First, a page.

The Girl Without Hands (2017; Dir.: Sébastien Laudenbach)
By Daniel Barnes
*Opens Friday, September 15, at the Roxie Theater in San Francisco.
In this woozy adaptation of the Grimm Brothers fairy tale, a young girl is sold to the devil by her poor father in exchange for a river of gold…with sexy results! She is protected by her cleanliness and leaves her family for the forest, where she meets a water goddess and marries a prince, but the devil’s persistent schemes eventually drive them apart. It always kills me when I have to lambaste a hand-animated passion project, but French director Laudenbach’s half-drawn watercolor images largely left me unmoved. Even at a mere 76 minutes, the muddy pacing, vague designs and muted emotions of The Girl Without Hands make it a bit of a chore. To its credit, the film feels like a more faithful version of the Grimm Brothers than we usually get from the edge-sanding Disney adaptations, but it ultimately cares more about splashing around in a pool of hippy-dippy aloofness than developing strong characters.
Phantom Boy (2016; Dir.: Jean-Loup Felicioli and Alain Gagnol)
By Daniel Barnes
*Opens Friday at the Landmark Opera Plaza in San Francisco and the Landmark Shattuck in Berkeley.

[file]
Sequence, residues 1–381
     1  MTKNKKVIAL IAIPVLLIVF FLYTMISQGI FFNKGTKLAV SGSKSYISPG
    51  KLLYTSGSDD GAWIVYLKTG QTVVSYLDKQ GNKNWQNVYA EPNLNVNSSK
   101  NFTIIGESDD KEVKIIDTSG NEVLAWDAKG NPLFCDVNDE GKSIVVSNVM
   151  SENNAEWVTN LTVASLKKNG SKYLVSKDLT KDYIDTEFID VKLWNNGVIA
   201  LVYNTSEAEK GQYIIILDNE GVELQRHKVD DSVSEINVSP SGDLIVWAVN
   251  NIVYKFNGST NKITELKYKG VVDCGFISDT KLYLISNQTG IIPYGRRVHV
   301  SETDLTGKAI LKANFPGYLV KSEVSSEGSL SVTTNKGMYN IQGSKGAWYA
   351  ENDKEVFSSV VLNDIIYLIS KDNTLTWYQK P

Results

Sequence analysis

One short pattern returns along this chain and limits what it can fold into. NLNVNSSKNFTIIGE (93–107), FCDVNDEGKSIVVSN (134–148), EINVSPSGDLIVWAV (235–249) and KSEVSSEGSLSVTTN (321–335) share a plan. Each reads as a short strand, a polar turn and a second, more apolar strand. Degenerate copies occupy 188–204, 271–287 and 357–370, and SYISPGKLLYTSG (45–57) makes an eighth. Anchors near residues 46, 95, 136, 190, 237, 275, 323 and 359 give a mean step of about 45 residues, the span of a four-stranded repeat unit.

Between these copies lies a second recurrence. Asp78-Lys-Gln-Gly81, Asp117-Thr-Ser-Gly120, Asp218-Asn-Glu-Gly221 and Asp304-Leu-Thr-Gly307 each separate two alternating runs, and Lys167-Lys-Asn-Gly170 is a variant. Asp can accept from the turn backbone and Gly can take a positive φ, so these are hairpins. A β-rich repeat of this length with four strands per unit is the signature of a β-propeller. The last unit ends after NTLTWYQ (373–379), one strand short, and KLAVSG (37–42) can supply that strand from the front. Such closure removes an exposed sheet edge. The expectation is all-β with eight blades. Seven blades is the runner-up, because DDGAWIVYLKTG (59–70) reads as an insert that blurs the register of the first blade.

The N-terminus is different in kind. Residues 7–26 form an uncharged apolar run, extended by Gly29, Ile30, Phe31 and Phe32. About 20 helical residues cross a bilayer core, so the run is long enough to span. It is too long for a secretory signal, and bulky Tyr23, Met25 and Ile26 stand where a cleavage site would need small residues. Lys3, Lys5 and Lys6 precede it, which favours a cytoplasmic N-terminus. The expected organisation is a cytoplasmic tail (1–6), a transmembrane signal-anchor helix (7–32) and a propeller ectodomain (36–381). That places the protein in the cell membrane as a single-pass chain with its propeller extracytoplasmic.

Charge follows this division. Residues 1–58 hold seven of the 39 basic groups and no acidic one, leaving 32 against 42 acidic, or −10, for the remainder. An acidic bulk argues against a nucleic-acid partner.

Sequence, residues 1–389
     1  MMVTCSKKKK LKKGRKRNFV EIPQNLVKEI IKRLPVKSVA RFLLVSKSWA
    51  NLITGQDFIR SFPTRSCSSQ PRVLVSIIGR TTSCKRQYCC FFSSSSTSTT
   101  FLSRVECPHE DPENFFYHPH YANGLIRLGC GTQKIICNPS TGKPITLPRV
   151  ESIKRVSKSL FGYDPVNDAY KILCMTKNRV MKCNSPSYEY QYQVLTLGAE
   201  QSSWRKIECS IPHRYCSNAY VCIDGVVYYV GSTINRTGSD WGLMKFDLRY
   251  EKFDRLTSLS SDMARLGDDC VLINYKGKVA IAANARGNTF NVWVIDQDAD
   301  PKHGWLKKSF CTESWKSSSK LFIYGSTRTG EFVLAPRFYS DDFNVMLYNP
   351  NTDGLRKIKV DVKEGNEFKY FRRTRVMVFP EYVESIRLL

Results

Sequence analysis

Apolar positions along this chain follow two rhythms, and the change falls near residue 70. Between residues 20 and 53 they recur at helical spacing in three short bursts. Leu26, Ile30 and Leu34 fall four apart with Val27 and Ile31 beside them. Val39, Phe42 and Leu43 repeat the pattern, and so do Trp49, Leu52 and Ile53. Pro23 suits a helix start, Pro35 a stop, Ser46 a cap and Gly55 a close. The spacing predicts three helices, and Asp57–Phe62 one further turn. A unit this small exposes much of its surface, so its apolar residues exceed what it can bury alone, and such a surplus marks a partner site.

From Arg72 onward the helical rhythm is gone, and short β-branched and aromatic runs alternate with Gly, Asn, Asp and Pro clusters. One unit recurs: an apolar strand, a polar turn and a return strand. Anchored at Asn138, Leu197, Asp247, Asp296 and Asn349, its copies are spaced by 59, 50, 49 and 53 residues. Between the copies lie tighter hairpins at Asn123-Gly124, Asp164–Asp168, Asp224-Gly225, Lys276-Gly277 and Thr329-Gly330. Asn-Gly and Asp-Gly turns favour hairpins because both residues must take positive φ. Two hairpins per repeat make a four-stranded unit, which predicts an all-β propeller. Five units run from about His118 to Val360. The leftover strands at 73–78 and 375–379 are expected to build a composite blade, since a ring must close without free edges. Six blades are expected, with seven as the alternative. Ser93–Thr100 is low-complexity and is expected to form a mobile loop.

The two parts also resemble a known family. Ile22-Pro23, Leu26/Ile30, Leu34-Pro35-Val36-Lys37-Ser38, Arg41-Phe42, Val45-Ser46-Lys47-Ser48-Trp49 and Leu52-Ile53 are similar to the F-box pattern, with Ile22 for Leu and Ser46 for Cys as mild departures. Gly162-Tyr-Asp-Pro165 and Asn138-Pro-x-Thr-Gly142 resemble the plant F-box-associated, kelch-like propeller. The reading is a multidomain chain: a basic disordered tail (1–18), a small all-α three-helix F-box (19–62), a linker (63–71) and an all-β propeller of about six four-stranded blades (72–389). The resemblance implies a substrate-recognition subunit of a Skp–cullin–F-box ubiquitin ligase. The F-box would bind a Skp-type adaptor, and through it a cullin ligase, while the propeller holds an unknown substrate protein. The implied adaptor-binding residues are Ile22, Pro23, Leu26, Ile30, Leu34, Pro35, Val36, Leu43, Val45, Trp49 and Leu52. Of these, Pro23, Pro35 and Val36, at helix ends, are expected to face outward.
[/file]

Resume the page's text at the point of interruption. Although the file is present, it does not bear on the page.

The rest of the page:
The New York-based independent distributor GKIDS is becoming as important an imprimatur of quality animated cinema as Pixar or Laika. Specializing in importing the best in hand-drawn foreign fare, GKIDS has racked up eight Best Animated Feature Oscar nominations in less than a decade, and in the last few years alone they released such enchanting and challenging movies as Ernest & Celestine, The Tale of the Princess Kaguya, Song of the Sea, When Marnie Was There, Boy & the World, and this year’s April and the Extraordinary World. Their latest film is Phantom Boy, directed by the same French team that made the Oscar-nominated GKIDS import A Cat in Paris, and it’s as charming and inventive yet modest and unpretentious as most of the films that carry the GKIDS label. Phantom Boy weaves together comic book, film noir and supernatural sci-fi tropes into a sensitive (but not lugubrious) story of a young chemotherapy patient discovering new powers while his mortal body wastes away. As a phantom, the boy can travel anywhere he chooses, teaming up in the hospital with an injured cop to bring down a disfigured supervillain who tries in vain to reveal his origin story. There’s just barely enough film here to make it to feature length, even with a silly finale that involves guessing a computer password while a clock ticks down, but there’s a nice balance between genre homage/send-up and a genuinely eerie and affecting story of death and disease, with a vision of New York City so loving and romantic that it could only come from a foreign visitor.